Wildfires wreaking ‘profound damage’ in multiple California dioceses
As wildfires rage across California, scorching more than 700,000 acres of land in multiple dioceses and killing at least four people, Catholics are asking for prayers and offering resources to the displaced.
“In our diocese alone the CZU, River, Carmel Valley and Dolan fires have already caused profound damage to property, persons and the environment,” Bishop Daniel Garcia of the Diocese of Monterey said in a message to Catholics on Thursday, Aug. 20.
“Hundreds of people have already fled their homes fearful of the unknown. Likewise, several of our parish sites have been evacuated due to the close proximity of the fires,” he added.
Over the past several days, a heat wave coupled with excessive lightning strikes sparked most of the blazes now raging in the state. At least 60,000 people in the state have evacuated their homes to escape the path of the blazes. Two of the fires, the SCU Lightning Complex fire located to the east of San Jose, and the LNU Lightning Complex, located to the northeast of San Francisco, have already burned roughly 220,000 acres each, placing them in the top 10 fires ever recorded in the state, CNN reported.
“Although it may not be clear to us, it is at times like these that we are called to not lose sight that the Lord is with us even amidst the uncertainty of the moment,” Garcia said in his message. “You and I are called to come together as the Body of Christ, to pray for each other, even if we cannot physically gather in each other’s presence.”
Erika Yanez, director of media relations with the Diocese of Monterey, told CNA that a number of their parishes had already been evacuated.
“All of Dalton, Boulder Creek, Davenport,…the entire community of Scotts Valley has been evacuated,” she said. “There’s a huge portion of Carmel Valley that’s been evacuated, we have a parish there.”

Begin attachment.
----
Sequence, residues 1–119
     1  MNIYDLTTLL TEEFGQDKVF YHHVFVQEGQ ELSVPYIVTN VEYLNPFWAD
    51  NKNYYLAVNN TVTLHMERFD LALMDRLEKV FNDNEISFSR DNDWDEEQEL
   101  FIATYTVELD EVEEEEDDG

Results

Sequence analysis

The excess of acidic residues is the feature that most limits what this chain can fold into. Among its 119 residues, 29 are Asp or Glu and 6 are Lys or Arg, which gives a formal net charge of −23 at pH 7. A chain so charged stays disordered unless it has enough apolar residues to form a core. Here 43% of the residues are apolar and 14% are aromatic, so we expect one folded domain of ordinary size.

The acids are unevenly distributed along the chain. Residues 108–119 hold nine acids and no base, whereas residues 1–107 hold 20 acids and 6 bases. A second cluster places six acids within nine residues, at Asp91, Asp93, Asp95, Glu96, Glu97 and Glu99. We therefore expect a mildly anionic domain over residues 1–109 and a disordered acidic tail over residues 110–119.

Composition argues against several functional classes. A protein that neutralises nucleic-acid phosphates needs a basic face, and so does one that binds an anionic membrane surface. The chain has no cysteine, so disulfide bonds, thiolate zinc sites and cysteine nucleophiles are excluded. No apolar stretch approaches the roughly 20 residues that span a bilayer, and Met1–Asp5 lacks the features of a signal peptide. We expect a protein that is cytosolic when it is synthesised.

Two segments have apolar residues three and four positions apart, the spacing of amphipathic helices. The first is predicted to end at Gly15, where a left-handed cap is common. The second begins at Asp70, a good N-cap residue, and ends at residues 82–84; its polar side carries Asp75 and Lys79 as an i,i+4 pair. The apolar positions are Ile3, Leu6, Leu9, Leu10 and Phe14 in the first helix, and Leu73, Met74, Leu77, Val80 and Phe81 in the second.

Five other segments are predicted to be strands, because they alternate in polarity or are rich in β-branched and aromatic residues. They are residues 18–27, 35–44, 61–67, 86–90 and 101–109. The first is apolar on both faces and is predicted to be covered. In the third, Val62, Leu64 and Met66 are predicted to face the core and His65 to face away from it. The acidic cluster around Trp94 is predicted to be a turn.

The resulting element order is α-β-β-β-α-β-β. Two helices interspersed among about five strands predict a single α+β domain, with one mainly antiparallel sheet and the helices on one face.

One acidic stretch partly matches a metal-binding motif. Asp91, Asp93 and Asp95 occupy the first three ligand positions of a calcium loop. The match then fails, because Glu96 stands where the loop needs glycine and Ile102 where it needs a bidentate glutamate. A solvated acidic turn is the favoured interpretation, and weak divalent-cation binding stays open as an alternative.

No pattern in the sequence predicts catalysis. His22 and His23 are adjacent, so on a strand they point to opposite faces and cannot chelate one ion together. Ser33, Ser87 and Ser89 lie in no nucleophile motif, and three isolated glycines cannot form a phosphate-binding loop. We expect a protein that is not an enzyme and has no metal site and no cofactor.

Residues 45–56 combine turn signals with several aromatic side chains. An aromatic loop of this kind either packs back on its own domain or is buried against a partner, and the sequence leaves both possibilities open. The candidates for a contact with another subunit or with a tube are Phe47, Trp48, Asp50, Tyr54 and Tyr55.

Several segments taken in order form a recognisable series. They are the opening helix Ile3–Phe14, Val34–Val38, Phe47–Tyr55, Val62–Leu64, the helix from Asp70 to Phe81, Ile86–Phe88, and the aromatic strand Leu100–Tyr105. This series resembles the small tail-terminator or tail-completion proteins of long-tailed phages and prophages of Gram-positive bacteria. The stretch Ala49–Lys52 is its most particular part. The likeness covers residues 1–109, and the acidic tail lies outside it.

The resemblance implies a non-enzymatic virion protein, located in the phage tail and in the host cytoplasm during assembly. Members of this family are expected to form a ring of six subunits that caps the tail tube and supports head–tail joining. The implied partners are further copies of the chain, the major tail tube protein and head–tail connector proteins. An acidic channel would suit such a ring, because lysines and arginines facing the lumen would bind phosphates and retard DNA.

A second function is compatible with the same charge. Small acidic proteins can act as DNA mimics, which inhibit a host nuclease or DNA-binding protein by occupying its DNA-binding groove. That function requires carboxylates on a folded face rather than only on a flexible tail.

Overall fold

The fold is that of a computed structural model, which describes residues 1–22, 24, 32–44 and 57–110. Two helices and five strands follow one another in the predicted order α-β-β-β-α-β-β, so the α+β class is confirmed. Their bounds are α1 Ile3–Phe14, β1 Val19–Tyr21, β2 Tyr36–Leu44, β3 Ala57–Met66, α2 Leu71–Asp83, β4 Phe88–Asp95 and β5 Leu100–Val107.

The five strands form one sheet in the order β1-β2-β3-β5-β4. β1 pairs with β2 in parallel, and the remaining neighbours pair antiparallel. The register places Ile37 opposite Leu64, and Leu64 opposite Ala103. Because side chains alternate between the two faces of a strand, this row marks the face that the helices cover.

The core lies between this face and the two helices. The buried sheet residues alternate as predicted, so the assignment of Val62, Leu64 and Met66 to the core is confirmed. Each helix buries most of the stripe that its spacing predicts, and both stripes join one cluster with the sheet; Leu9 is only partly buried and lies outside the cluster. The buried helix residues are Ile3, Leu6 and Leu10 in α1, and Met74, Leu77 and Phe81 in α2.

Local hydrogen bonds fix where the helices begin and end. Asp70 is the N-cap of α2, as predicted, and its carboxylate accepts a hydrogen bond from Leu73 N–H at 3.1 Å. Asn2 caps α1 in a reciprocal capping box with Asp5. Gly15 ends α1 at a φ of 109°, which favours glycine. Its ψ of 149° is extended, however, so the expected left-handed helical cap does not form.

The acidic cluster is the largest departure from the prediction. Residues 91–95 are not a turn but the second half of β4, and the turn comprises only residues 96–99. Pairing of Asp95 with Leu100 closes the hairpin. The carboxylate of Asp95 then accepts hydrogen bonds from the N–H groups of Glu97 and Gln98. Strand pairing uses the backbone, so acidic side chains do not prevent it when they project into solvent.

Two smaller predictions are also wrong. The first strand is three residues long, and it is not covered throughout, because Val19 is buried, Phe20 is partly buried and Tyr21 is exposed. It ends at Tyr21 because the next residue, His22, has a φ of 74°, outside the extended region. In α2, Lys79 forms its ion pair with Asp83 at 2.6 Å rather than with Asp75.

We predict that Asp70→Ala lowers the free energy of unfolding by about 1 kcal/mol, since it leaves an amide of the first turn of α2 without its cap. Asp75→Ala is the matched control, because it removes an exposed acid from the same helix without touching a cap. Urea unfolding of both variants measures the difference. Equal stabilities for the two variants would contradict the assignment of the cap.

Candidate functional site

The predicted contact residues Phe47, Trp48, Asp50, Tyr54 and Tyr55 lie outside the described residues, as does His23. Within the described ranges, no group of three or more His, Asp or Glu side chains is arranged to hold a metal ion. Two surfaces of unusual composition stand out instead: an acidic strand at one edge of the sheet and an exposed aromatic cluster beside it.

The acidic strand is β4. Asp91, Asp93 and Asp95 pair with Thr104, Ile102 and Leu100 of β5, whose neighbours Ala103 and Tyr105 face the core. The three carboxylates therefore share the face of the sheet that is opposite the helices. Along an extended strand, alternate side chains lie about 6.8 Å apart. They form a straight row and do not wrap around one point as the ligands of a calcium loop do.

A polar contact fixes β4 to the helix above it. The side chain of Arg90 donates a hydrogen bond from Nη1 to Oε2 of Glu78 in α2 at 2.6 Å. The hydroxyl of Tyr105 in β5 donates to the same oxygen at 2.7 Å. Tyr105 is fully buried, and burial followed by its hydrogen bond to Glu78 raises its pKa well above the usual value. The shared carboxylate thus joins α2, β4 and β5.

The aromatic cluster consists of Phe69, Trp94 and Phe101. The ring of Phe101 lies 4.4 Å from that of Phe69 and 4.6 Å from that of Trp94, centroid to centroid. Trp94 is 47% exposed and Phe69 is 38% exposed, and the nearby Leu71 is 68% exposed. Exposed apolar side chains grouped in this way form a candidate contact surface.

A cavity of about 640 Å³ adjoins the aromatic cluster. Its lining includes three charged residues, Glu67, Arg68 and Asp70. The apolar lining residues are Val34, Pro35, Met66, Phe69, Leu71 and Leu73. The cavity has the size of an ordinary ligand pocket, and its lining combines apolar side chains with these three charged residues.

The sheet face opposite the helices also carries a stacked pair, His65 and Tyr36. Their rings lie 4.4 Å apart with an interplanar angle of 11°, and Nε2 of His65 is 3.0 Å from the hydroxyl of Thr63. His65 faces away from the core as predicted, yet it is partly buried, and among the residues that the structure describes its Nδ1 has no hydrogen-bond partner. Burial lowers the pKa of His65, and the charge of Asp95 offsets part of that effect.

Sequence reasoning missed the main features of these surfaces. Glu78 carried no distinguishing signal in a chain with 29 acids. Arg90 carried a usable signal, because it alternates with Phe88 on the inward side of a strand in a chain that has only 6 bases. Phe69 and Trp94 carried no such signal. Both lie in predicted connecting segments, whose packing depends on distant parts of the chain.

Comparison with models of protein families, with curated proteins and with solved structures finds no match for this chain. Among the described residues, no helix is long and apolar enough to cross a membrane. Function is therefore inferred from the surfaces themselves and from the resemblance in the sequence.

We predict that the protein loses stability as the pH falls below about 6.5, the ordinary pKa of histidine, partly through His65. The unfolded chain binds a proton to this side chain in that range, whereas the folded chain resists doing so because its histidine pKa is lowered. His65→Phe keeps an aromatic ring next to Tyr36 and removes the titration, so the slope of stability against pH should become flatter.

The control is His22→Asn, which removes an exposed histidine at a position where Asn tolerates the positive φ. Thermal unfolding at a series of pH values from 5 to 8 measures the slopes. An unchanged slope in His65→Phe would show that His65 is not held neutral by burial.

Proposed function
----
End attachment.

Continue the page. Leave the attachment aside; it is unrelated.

A photo of St. Vincent de Paul Catholic parish in Davenport, taken by a community member, shows the air around the church glowing bright orange as the flames encroached.
Yanez said there is a retreat center in San Juan Bautista, Calif., that has opened up to shelter families – though in a slightly restricted way, because of COVID-19 – and that the diocese will be coordinating with Catholic Charities to offer further assistance.
“I just wanted to make sure that everyone knows that our prayers are with the families that are being impacted right now. It’s just so difficult,” Yanez said.
Fr. Blaise Berg is the pastor of St. Mary Parish in Vacaville in the Diocese of Sacramento, which evacuated on Tuesday and Wednesday. Some residents of the town told CNN that screams woke them up in the middle of the night – a jarring alert that the fires were near.
“Presently, we are reaching out by phone to our parishioners who live in the fire’s burn zone. A number of homes were spared, but a few of our parishioners’ homes were not,” Berg said. By Friday, he noted, many people had been allowed to return.
“Our parochial vicar, Fr. Steven Wood, visited a nearby evacuation center and many evacuees were grateful to see the presence of the Church,” Berg said.
The priest asked for prayers, noting that the community was expecting more possible lightning storms this weekend, and that they had to be prepared to evacuate again.
“At a time like this, we see the importance of prayer, and so we ask all our brothers and sisters to keep in their daily prayers those affected by these fires across the entire state of California,” he said.
Cynthia Shaw, director of communications for the Diocese of San Jose, said the diocese was surrounded by the wildfires.
Some parishioners were located in evacuation zones, and more could be evacuating in the coming days. Shaw said the diocese, in cooperation with Catholic Charities, St. Vincent de Paul, and local food banks, will continue to monitor the situation and will work to provide food and shelter and to keep people updated on evacuation zones and other resources.
She added that people are being asked to stay inside and wear masks now not only because of the coronavirus pandemic, but because of the poor air quality caused by smoke, which could also disrupt plans for outdoor Masses this weekend.